By Ben Fowlkes
November 09, 2009

On Saturday night, Strikeforce made its CBS debut with the world's top-ranked heavyweight in the main event. And while there weren't many surprises in the cage -- every odds-on favorite on the televised card pulled out a victory -- there's still plenty we can take away from this prime-time affair.

Brett Rogers cut the champ's nose, battered him with a couple of hard rights and, to the surprise of many, did more than simply survive when the fight hit the mat. That this is being touted as a form of success for a fighter who went on to lose via second-round TKO is proof that Emelianenko is a victim of his own dominance. Expectations for him are so high it's almost impossible to completely fulfill them, even in victory. His defense has some holes, but we knew this. Andrei Arlovski showed us that much before he -- like Rogers -- went down to a monstrous right hand. Just because he didn't walk through Rogers doesn't mean that he was exposed, however. Fedor may not win every second of every round, and he's bound to eat some punches from time to time, but until he loses a fight, he has to be considered the best heavyweight on the planet.

It was probably hard for "The Grim" to wake up Sunday morning and not feel depressed about being knocked senseless in front of millions, but there are plenty of positives for him to take away from this fight. We knew he could hit, and Fedor's face in the post-fight press conference indicated as much. But what's more impressive was how he fared on the ground. His takedown defense still needs work, particularly out of the clinch, but he did a good job of staying out of submissions and getting back to his feet. If he can do that against a guy like Fedor, he could be a serious problem for just about any other heavyweight on Strikeforce's roster.

With his decision victory over a game Jason "Mayhem" Miller, we saw the same Shields we've grown to expect. He shows up with a very specific game plan and he doesn't deviate from it one bit. The trouble is, that game plan doesn't make for the most exciting fights. Even when other fighters try to push the pace, Shields has a gift for slowing it down to a methodical grind. That's never going to be the kind of style that fills arenas, though Shields doesn't seem to care. However, at a time when Strikeforce is struggling to find main event-worthy fighters, Shields' style could become an issue. If he stays at middleweight -- and if Cung Le continues to be a scheduling nightmare -- finding opponents who fans care to see Shields fight will be tough. Signing Dan Henderson is the best solution available, though not necessarily the cheapest.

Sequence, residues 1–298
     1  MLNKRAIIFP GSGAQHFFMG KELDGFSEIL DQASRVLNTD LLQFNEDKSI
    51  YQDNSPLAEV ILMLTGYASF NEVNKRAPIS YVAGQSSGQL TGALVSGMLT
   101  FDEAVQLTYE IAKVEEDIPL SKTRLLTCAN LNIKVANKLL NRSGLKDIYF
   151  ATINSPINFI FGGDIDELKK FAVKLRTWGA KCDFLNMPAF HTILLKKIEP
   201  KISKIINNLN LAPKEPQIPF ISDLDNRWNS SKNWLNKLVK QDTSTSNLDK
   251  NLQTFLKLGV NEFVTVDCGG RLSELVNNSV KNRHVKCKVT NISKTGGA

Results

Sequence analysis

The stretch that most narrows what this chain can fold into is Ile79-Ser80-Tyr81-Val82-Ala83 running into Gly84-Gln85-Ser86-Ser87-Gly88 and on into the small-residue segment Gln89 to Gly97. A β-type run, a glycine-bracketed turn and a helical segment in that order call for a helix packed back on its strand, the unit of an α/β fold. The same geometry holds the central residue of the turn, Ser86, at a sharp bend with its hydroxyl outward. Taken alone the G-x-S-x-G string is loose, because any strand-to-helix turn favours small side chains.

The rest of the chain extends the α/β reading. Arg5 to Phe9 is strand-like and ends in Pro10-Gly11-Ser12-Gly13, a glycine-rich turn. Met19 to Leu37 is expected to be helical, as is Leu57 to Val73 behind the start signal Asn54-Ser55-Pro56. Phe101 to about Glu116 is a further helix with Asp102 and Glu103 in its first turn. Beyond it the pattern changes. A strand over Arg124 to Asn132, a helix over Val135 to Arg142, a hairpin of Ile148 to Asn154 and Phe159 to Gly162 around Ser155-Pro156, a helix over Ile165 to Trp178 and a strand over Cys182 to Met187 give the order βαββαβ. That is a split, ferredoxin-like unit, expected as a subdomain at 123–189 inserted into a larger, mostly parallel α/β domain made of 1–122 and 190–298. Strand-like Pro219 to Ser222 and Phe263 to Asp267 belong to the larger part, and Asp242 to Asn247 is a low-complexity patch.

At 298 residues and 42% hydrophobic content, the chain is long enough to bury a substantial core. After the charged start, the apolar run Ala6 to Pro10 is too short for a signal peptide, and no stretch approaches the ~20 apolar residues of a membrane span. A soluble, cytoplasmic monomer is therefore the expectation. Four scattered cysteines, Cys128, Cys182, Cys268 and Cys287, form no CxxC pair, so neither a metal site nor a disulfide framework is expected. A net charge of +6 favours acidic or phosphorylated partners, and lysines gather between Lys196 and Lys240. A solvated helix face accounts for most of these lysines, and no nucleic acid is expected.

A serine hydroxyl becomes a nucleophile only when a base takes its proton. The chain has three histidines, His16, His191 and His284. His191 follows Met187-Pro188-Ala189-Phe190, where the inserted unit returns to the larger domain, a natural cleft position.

Mousasi did exactly what everyone expected him to, which is also a reason why the fight was so forgettable: He dominated. Mousasi needs a challenge. His talent and his potential are undeniable, but they're going to waste right now. Unfortunately, most top 10 light heavyweights are locked in to UFC contracts right now. There's Mousasi, and then there's Dan Henderson, who's really more suited to middleweight. He can't go up to heavyweight without being blocked by his buddy Fedor, and Mousasi insists that he absolutely can't make the cut to 185 pounds anymore. That leaves him all alone atop Strikeforce's light heavyweight division, where he's bound to get very lonely, if not downright bored.

CBS went into the Strikeforce broadcast hoping to get a piece of the 18-49-year-old male demographic that it doesn't typically see on a Saturday night. While the network is said to be pleased with the results, MMA's greatest heavyweight still couldn't outdraw reruns of Law & Order: SVU or America's Most Wanted. What does this tell us? Either that the sport as a whole is still far from the mainstream, or that a large chunk of American TV viewers are determined to do their part to spot dangerous fugitives. At least for the moment, it doesn't seem to matter whether Kimbo Slice or Fedor Emelianenko is in the main event -- they still can't compete with John Walsh's gravitas. Is that cause for concern? Only if you believe that something has to be popular to be worthwhile. MMA isn't for everyone, and that's fine. Hopefully CBS considers this a good enough return on a meager investment (they didn't exactly put everything else on hold to promote this sucker) to keep at it in 2010.

GALLERY:Best shots from Strikeforce

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